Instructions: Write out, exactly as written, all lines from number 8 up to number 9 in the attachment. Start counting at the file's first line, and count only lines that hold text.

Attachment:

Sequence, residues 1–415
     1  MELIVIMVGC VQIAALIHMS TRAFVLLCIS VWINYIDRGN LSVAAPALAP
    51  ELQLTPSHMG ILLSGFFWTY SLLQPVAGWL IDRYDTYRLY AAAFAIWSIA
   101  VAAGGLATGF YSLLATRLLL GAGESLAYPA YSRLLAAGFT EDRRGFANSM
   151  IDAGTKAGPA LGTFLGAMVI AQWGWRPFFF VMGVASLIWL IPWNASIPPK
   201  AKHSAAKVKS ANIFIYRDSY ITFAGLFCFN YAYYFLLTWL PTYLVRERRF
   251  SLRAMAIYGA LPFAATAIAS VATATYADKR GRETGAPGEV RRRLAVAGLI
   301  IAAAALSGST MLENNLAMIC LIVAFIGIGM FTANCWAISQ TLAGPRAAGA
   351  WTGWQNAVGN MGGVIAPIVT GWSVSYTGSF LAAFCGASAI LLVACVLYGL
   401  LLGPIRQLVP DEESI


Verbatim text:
   301  IAAAALSGST MLENNLAMIC LIVAFIGIGM FTANCWAISQ TLAGPRAAGA
   351  WTGWQNAVGN MGGVIAPIVT GWSVSYTGSF LAAFCGASAI LLVACVLYGL